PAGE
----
Edmonton Opera
“[McKenzie Warriner’s] soaring, penetrating, unhurried, clarion invocation…left the room in attentive silence, and then exuberant ovation”

by | Apr 29, 2024 | Featured, Reviews

Edmonton Opera’s Artistic Director Joel Ivany continues his eclectic approach to opera company programming. After a traditional production of Carmen in the fall and a semi-staged Don Giovanni at the beginning of February, both at their mainstay 2,400-seat Jubilee Auditorium, Edmonton Opera moved on April 10 to a more intimate 400-seat downtown venue for the first of three evenings of music and song by Argentinian composer Osvaldo Golijov.

With the exception of one elegiac piece by Puccini, Crisantemi for string quartet, the musical side of the program was devoted to Golijov. Dubbed a Journey, the opening half featured soprano McKenzie Warriner. She began with a recitation of the Khalil Gibran poem On Children, an expansive view of children’s place in the larger human family, followed by another poem, A Tear and a Smile, which set the sombre, reverential tone of the Golijov selections to follow.

Warriner gave a perfectly unaffected, at times hypnotic, performance of music tinged with sadness, sorrow even, often introspectively melismatic, pure emotion without any textual mediation. Where there were words, there were few. For How Slow the Wind, originally for soprano and orchestra, Warriner was accompanied by a string quartet drawn from the city’s best string players, including the Edmonton Symphony’s concertmaster, Robert Uchida. The unadorned lyric, intoned with a mix of wonder and prosaic observation, was grounded in a vocal style that clearly underscored the singer’s appreciation of comforting breeze.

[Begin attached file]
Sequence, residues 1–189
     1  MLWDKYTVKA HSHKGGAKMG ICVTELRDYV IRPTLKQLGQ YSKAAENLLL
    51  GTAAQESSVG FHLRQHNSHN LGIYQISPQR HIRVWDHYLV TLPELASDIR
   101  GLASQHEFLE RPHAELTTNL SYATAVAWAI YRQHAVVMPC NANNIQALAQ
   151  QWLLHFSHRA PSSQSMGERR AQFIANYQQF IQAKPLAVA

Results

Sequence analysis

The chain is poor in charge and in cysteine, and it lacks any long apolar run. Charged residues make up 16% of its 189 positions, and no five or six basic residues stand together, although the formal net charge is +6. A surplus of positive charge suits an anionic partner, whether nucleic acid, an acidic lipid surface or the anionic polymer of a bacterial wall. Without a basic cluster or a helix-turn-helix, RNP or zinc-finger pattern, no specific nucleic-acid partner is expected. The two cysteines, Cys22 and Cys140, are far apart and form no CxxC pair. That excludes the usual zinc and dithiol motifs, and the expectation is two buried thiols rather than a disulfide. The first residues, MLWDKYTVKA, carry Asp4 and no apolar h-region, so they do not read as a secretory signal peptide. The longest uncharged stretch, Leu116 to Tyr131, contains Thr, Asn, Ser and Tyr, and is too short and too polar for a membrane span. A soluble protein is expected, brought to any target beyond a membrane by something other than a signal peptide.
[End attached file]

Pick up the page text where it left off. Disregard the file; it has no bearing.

McKenzie Warriner 
Photo Credit: Curtesy of Edmonton Opera

The longest piece of the half was 12-minute Tenebrae, arranged for soprano string quartet, and clarinet (Juan Gabriel Olivares). Tenebrae is Latin for darkness, but it is also the name of a Christian pre-Easter period of lamentation in advance of the celebration of Christ’s resurrection. Golijov has explained his aim for the piece this way:

“I wrote Tenebrae as a consequence of witnessing two contrasting realities in a short period of time in September 2000. I was in Israel at the start of the new wave of violence that is still continuing today, and a week later I took my son to the new planetarium in New York, where we could see the Earth as a beautiful blue dot in space. I wanted to write a piece that could be listened to from different perspectives. That is, if one chooses to listen to it ‘from afar,’ the music would probably offer a ‘beautiful’ surface but, from a metaphorically closer distance, one could hear that, beneath that surface, the music is full of pain.”

The soprano mainly sings an ethereal vocalese as the quartet evokes a range of feelings. An ostinato background colours long lines that morph intermittently into moments of unease, verging on harshness. The piece ends with the soprano singing “Jerusalem,” the only word she sings. Warriner captured the “surface” feeling Golijov refers to beautifully, and in the resolution, her soaring, penetrating, unhurried, clarion invocation of the Jewish religious centre, left the room in attentive silence, and then exuberant ovation. Warriner was the opening act, but she delivered a featured artist’s performance with poise and great musical aplomb.